KUTE offered money towards new baler

New baler will improve operations at Kitimat's non-profit recycling depot.

Kitimat Understanding the Environment (KUTE), working under their new board of directors for less than half a year, received a $25,000 financial grant from the District of Kitimat to go towards the purchase of a new baler at their depot on Railway Avenue.

KUTE Vice President Michelle Martins says that the planned purchase of a new baler will increase not only the rate which the depot employees can bale paper and cardboard but will also increase their ability to process other materials.

She said their limitations were a reason KUTE didn’t pursue a contract with Multi-Material BC last year, a contract which covers an assortment of paper and packaging materials and the contract for which went to the Kitimat Bottle Depot.

Other materials they could process include tin cans and styrofoam. Styrofoam itself would be very valuable to KUTE, she says, because that’s a material they could potentially make a profit on recycling.

While they make money off of paper and cardboard, it’s not enough to cover the expenses of processing it.

Martins said everyone benefits if they can increase their own sustainability if even a bit.

“If we can have an alternative source of income where the city doesn’t have to subsidize us as much that’s great for us, it’s great for the city as well,” she said.

A new baler will also reduce the employee hours to do that work, which lets them work on other things. Martins said baling right now is quite “tedious and time consuming.”

They’ve been looking at their books to sort out possible ways they can reduce how much of the $25,000 they even end up taking from the District’s offer.

The baler itself they’re looking to buy is about $95,000, and is a used unit from the United States.

KUTE will also keep looking for other fundraising opportunities to pay for the baler as well.

She said the District seemed keen to support them as, from her perspective, it seems they want to take a responsibility as they have set policies about no cardboard going to the landfill.

But Martins also notes that a large per cent of cardboard comes from industrial sources.

There was a discussion at the October 19 council meeting to bump up the funding provided even further to $55,000, however the two supporters of that boost, Edwin Empinado and Mary Murphy, were outnumbered to the remainder of the council.

Rob Goffinet was excused on a conflict of interest during the discussion as he has relatives involved with or working for KUTE.

 

Get local stories you won't find anywhere else right to your inbox.
Sign up here

Just Posted

Victoria’s Royal Jubilee Hospital took in two COVID-19 patients from Northern Health as part of a provincial agreement. (Black Press Media file photo)
Victoria hospital takes in two COVID-19 patients from Northern Health

Royal Jubilee Hospital takes patients as part of provincial transport network

An aerial shot of Cedar Valley Lodge this past August, LNG Canada’s newest accommodation for workers. This is where several employees are isolating after a COVID-19 outbreak was declared on Nov. 19. (Photo courtesy of LNG Canada)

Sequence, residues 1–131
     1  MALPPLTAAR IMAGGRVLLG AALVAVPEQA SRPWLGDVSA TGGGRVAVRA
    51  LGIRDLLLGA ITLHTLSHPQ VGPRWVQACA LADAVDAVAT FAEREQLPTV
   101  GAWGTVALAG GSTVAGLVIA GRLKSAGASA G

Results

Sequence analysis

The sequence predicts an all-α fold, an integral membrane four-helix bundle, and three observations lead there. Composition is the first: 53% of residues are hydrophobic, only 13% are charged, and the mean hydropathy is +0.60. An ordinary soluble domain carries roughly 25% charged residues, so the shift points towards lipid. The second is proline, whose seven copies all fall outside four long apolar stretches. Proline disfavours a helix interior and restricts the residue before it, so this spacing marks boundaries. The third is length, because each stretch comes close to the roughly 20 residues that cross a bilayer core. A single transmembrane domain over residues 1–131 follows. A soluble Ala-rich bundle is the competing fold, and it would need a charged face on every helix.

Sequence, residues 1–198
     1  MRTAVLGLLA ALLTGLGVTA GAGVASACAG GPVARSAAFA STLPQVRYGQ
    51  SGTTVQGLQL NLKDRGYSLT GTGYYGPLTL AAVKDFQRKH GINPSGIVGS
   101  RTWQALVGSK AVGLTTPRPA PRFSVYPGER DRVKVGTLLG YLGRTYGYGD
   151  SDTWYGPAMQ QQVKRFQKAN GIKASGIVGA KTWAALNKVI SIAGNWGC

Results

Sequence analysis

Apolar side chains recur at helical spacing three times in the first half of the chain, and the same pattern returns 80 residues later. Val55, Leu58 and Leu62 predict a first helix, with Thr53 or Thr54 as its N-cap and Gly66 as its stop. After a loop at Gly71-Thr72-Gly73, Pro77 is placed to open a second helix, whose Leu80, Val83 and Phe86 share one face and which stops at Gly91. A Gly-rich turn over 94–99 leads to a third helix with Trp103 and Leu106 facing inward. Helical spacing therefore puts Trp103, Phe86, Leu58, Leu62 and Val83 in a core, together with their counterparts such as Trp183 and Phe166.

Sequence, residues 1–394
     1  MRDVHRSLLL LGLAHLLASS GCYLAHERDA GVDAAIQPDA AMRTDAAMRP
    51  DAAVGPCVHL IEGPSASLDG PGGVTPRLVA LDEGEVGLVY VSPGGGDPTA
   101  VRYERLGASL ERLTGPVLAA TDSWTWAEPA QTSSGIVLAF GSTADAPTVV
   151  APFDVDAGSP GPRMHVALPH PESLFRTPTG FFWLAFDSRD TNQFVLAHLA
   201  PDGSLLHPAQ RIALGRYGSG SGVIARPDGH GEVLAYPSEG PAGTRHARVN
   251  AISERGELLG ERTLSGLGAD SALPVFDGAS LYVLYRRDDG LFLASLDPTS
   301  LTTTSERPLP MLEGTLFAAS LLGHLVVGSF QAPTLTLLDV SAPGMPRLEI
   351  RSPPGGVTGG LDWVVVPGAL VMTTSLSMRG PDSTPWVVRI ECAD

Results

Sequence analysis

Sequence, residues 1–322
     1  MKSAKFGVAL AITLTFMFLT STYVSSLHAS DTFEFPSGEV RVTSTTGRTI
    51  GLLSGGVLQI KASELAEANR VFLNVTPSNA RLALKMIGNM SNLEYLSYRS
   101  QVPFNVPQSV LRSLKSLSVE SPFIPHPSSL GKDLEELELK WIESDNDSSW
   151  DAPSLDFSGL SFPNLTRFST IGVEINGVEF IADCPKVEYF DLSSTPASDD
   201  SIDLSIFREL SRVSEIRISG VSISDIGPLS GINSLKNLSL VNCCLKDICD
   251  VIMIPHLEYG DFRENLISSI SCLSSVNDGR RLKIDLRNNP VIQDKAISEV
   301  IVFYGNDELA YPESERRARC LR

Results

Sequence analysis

52 positive COVID-19 cases now associated with LNG Canada site outbreak

Eight cases still active, 44 considered recovered

The Kitimat River in July. (Clare Rayment photo)
Good News, Kitimat!

Bringing some local good news to your week

Skeena MLA Ellis Ross has been named critic for Environment and Climate Change Strategy for the BC Liberals. (Peter Versteege photo)
Skeena MLA Ellis Ross named critic for Environment and Climate Change Strategy

Previously, Ross was the critic for LNG, Resource Opportunities, and Responsible Development

(Needpix.com)
Pandemic has ‘exacerbated’ concerns for B.C. children and youth with special needs: report

Pandemic worsened an already patchwork system, representative says

Janet Austin, the lieutenant-governor of British Columbia, not seen, swears in Premier John Horgan during a virtual swearing in ceremony in Victoria, Thursday, Nov. 26, 2020. Horgan says he will look to fill gaps in the federal government’s sick-pay benefits program aimed at preventing the spread of COVID-19. THE CANADIAN PRESS/Jonathan Hayward
B.C. premier says province prepared to patch holes in new federal sick-pay benefits

Horgan said workers should not be denied pay when they are preventing COVID-19’s spread

Provincial health officer Dr. Bonnie Henry updates B.C.’s coronavirus situation at the legislature, Nov. 30, 2020. (B.C. government)
Hockey team brought COVID-19 back from Alberta, B.C. doctor says

Dr. Bonnie Henry pleads for out-of-province travel to stop

B.C. Premier John Horgan on a conference call with religious leaders from his B.C. legislature office, Nov. 18, 2020, informing them in-person church services are off until further notice. (B.C. government)
B.C. tourism relief coming soon, Premier John Horgan says

Industry leaders to report on their urgent needs next week

An RCMP cruiser looks on as a military search and rescue helicopter winds down near Bridesville, B.C. Tuesday, Dec. 1. Photo courtesy of RCMP Cpl. Jesse O’Donaghey
B.C. Mountie, suspect airlifted by Canadian Armed Forces from ravine after foot chase

Military aircraft were dispatched from Comox, B.C., say RCMP

Most Read